Defense (intelligence service)

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Key room ( alias : "Domain") of the secret radio reporting service of the Abwehr (Referat Ii) with soldiers when encrypting or decrypting messages using the Enigma key machine

Abwehr has been the widespread term in German usage since 1920 for the German military secret service in the Reichswehr and Wehrmacht with its branches (secret reporting service, diversion and (during war) commando companies as well as the actual defense against espionage and sabotage ).

"Defense group" and "Defense department"

After the defeat in World War I , according to Article 160 of the Versailles Treaty with the German General Staff , its intelligence department IIIb was also dissolved. In the years 1919 and 1920 there were several small groups of former officers of III b, who worked within the 4 general commands, in structures of paramilitary organizations and the border protection units formed, which continued to work in the sense of the military intelligence service. With the increasing consolidation of the Weimar Republic and the revision of its military structure, intelligence gathering of information was again integrated into suitable structures from the end of 1919. In the spring of 1920, some former employees of Department IIIb under Major Friedrich Gempp , the former deputy of Walter Nicolai , received the order to set up a so-called defense group as part of the “ provisional Reichswehr ” . The main task of the "Abwehr" consisted in obtaining information using intelligence resources and methods for assessing and observing opposing military formations. Only in the second instance were questions of secrecy and the protection of the troops in the center. In matters of counter-espionage, there was direct cooperation with the Reich Commissioner for Public Order (RKO) and the regional police authorities, in this case the State Police Central Offices (C.St.), as they had been founded in Prussia in 1907. The concept of "defense" only had the purpose of camouflaging the actual intelligence activities. Organizationally, the defense group was assigned to the Army Statistics Department in the Army Office of the Reichswehr Ministry until 1928.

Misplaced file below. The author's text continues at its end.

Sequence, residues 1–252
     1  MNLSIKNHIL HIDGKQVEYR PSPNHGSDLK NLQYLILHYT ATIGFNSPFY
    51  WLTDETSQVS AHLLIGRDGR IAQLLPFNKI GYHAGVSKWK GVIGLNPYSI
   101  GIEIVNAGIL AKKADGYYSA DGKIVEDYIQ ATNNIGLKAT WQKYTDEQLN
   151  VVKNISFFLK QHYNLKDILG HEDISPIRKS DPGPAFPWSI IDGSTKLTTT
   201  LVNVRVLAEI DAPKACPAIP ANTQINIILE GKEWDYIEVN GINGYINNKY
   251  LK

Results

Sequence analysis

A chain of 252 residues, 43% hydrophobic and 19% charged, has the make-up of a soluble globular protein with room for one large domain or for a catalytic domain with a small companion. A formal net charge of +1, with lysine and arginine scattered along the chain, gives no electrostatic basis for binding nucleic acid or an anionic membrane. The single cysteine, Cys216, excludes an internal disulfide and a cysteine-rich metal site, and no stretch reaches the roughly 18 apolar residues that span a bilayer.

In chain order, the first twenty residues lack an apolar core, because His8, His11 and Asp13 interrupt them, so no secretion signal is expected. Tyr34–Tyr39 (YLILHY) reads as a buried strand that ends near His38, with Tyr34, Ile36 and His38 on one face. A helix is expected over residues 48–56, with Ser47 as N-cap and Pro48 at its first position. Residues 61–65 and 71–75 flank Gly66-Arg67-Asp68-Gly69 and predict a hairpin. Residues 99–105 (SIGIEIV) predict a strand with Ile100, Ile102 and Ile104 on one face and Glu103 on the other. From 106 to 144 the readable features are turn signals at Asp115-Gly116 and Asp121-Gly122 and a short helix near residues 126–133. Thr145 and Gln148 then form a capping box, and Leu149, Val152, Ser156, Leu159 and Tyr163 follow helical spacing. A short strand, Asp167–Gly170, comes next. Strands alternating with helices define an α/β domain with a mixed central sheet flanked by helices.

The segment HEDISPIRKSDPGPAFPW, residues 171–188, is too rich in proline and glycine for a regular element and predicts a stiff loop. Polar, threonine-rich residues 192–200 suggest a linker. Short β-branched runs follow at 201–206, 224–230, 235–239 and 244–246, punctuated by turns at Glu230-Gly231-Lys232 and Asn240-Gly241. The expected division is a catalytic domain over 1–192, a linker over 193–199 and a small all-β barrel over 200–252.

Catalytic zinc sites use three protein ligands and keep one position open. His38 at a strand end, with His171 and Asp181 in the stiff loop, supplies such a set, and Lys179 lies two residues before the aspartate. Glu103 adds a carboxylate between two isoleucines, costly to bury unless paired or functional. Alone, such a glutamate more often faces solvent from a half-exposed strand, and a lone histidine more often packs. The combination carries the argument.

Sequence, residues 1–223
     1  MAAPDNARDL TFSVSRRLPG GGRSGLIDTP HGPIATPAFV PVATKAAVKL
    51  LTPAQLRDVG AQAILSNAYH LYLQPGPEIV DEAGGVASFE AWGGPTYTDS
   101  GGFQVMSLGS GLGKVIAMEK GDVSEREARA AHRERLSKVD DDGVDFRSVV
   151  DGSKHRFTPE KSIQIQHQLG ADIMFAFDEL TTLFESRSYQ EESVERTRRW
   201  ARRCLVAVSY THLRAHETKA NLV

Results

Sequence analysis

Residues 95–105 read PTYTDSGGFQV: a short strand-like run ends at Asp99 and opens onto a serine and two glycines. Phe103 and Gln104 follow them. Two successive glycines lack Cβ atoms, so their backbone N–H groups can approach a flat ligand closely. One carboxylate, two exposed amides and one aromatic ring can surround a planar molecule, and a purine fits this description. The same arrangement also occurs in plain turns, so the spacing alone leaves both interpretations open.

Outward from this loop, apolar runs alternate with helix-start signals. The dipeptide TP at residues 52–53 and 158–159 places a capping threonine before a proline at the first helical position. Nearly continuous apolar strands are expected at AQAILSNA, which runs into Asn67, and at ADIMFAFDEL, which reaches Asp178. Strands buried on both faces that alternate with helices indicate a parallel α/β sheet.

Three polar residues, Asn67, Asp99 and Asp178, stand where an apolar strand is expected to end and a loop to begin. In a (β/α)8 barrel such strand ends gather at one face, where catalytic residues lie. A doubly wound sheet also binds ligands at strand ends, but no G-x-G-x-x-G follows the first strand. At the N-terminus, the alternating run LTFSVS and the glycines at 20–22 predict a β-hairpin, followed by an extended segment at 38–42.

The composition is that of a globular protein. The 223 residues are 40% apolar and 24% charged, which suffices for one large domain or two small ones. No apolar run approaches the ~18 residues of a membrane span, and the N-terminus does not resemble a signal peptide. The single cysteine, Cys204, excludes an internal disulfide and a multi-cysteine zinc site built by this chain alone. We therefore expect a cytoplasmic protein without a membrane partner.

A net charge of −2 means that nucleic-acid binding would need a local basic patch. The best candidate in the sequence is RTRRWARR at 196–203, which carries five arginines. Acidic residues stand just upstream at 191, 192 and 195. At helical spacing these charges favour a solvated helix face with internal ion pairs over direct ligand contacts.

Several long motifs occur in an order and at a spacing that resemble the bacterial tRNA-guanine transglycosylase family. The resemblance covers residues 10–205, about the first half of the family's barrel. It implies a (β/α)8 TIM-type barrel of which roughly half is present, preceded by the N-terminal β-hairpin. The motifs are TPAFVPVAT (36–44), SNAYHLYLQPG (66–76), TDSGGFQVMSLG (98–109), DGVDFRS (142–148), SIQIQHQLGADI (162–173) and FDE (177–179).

Soldier of the secret radio reporting service of the OKW office abroad / defense